Friday, January 29, 2016

The Second Battle of Sabine Pass

Sabine Pass Battleground State Historic Site, Texas
March 14, 2010

1936 Texas Centennial Monument
In 1936 the State of Texas erected hundreds of historical markers, monuments, and memorials throughout the state to celebrate the centennial of Texas independence. Although there was not much military action in Texas during the Civil War, a number of sites in Texas where people witnessed the carnage of war were marked in 1936. This is one such place, the ground of the Second Battle of Sabine Pass.

On September 8, 1863, a flotilla of Union gunboats and transports with infantry troops attempted to silence the Confederate guns and 44 men here with a plan to disembark the troops and invade this corner of Texas. It was a minor battle, but received much attention as the Union attack was thwarted with little or no casualties amongst the Confederates.

Since there is not much to see here, my visit was a short one. Just long enough for me to read the markers and monuments and visualize how the battle may have unfolded.

Tuesday, January 26, 2016

A Man, His Truck, and The Unconquered Road

The Needles District, Canyonlands National Park, Utah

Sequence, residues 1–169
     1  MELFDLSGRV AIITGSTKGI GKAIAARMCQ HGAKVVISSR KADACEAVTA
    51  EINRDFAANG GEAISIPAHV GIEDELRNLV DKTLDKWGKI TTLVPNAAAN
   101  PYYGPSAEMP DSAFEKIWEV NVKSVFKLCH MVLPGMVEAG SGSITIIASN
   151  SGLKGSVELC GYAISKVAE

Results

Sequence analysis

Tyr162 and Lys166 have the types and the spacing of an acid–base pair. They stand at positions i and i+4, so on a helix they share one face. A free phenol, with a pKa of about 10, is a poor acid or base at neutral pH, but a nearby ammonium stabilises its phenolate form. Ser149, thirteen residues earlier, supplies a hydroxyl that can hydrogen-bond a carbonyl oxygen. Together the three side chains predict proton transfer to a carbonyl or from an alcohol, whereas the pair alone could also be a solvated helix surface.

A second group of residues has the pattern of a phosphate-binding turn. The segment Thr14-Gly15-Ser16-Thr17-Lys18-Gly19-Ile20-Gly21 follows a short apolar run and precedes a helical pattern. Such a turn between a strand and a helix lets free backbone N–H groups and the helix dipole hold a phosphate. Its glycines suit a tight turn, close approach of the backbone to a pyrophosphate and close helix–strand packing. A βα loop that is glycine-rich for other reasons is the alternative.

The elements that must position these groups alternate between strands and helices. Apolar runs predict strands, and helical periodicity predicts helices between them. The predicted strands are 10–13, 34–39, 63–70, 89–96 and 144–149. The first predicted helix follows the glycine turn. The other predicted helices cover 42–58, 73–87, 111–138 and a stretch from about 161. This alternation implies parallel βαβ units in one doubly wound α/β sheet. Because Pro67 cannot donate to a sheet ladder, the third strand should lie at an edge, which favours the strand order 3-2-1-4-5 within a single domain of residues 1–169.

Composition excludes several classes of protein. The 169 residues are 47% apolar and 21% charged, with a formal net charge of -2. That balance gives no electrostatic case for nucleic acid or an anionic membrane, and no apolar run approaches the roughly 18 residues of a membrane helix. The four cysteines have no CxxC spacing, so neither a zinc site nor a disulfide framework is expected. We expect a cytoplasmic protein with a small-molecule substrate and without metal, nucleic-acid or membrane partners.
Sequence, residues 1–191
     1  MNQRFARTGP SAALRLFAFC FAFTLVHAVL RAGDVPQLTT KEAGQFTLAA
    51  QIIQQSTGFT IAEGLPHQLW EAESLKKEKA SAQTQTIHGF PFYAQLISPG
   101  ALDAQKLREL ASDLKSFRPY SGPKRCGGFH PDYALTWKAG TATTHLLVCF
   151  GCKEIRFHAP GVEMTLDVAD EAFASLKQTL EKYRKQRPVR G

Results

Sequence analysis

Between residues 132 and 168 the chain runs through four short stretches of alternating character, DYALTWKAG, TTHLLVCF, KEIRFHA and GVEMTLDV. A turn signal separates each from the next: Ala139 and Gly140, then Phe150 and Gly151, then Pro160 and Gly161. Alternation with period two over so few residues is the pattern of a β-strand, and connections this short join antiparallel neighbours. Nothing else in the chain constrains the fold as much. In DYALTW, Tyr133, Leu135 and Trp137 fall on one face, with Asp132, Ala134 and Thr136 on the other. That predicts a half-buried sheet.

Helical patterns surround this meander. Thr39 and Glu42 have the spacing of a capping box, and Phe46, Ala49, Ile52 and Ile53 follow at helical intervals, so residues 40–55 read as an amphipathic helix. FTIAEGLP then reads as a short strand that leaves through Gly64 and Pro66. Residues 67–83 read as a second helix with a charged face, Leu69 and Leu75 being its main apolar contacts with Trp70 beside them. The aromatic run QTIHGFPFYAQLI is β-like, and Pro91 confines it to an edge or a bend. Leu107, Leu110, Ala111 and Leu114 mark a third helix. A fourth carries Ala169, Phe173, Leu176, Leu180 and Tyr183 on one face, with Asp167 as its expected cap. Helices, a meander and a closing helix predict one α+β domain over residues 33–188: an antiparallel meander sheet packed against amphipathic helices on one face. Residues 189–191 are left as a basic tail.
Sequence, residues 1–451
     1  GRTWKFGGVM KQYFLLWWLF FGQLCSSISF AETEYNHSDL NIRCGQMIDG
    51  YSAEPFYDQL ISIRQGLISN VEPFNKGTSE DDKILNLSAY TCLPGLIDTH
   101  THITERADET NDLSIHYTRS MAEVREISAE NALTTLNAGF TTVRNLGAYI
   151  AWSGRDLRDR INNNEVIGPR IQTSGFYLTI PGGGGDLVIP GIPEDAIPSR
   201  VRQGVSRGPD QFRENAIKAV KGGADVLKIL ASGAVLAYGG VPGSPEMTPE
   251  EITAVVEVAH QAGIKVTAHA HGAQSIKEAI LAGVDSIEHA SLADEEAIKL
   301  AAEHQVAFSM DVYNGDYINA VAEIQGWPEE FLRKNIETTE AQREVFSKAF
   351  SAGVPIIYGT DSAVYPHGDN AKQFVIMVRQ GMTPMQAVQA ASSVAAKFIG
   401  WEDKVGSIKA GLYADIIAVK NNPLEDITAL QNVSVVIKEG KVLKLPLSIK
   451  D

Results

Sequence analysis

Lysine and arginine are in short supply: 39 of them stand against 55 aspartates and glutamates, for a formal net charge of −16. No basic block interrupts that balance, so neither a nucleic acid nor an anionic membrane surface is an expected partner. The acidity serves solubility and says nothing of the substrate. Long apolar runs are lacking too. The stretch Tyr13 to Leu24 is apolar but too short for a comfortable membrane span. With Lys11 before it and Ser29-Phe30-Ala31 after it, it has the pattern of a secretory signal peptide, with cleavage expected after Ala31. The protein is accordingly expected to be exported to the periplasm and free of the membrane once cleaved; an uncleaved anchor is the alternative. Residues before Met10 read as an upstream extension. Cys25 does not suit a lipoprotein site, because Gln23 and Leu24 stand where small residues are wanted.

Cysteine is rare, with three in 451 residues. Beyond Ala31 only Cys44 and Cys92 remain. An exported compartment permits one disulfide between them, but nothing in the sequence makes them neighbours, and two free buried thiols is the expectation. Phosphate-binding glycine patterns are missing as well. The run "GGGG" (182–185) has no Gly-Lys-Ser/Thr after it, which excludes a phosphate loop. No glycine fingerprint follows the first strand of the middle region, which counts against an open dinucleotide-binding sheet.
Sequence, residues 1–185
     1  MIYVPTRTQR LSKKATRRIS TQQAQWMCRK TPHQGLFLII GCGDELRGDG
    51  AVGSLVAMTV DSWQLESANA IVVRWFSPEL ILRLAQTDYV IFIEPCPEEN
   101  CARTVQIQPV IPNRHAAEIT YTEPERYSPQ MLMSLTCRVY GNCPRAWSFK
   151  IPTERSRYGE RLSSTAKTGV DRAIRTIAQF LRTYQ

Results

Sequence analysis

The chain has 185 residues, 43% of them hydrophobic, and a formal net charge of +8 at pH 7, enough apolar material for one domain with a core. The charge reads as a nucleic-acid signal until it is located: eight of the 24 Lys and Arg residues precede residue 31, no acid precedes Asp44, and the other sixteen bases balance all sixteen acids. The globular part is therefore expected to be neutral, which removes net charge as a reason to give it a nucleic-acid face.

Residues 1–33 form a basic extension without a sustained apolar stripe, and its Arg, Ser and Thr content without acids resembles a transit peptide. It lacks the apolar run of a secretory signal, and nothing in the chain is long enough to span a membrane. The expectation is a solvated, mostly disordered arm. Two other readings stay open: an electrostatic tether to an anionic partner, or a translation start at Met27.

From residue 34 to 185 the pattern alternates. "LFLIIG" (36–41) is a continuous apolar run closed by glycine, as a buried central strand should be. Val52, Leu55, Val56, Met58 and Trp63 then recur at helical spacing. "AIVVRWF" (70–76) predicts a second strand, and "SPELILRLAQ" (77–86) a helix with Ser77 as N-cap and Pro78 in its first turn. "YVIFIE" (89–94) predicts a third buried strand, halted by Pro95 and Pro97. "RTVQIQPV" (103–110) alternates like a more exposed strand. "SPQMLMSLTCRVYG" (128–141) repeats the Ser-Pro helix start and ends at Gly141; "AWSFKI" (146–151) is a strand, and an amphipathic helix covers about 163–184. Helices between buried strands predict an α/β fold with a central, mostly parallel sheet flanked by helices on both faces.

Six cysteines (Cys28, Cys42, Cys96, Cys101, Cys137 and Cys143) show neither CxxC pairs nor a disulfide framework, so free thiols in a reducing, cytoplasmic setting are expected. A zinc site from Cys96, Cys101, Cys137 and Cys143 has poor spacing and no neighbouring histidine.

October 12, 2010

A stop at the visitor center has usually been the first order of business when I get to a national park. The visitor center is typically near the entrance and gives me an opportunity to stretch and get a feel of the lay of the land. The lay of the Canyonlands is immense, so much that it has three districts with the entrances to these districts tens of miles apart. A quick look at the visitor center exhibits and the park map gave me my agenda for the morning in The Needles District of Canyonlands National Park. A scenic drive down the dead-end road to Big Spring Canyon Overlook with a side trip on the Elephant Hill access road for a distant view of the Needles. Also, a short hike on the Pothole Point Trail for my daily exercise.

Friday, January 22, 2016

The Four Corners, a Quadripoint

Teec Nos Pos, Arizona
December 27, 2001

What’s better than a tripoint? A quadripoint. Although there are 62 state tripoints, there is only one quadripoint where the borders of four states converge together. This spot in the United States is in the Four Corners region where the southeast corner of Utah, the southwest corner of Colorado, the northwest corner of New Mexico, and the northeast corner of Arizona come together. Being the only place where four states meet, the Navajo Nation has made the quadripoint a tourist draw worthy of a one-of-a-kind photograph. When my derriere was planted firmly in Utah, Colorado, New Mexico, and Arizona, I knew no one else in America was in four states at that same exact moment in time.

The Four Corners

Web Links

Wikipedia - Tripoint  

Tuesday, January 19, 2016

I Came, I Saw, I Conquered

Britton Hill, Lakewood Park, Walton County, Florida
March 29, 2010

I came to Florida, not to do daring feats or register lasting achievements. I came to Florida with simple plans: to visit a dear friend and to ride an airboat in the Everglades. As I entered Florida from the north from Alabama ...